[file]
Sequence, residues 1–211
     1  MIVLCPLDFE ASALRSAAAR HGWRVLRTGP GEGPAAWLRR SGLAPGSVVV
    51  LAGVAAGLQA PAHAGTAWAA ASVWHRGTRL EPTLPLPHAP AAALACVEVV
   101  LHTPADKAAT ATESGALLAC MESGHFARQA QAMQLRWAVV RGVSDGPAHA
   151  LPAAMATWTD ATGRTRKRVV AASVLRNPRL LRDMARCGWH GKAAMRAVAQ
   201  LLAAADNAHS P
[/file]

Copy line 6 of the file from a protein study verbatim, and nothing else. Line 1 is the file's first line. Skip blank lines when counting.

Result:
   201  LLAAADNAHS P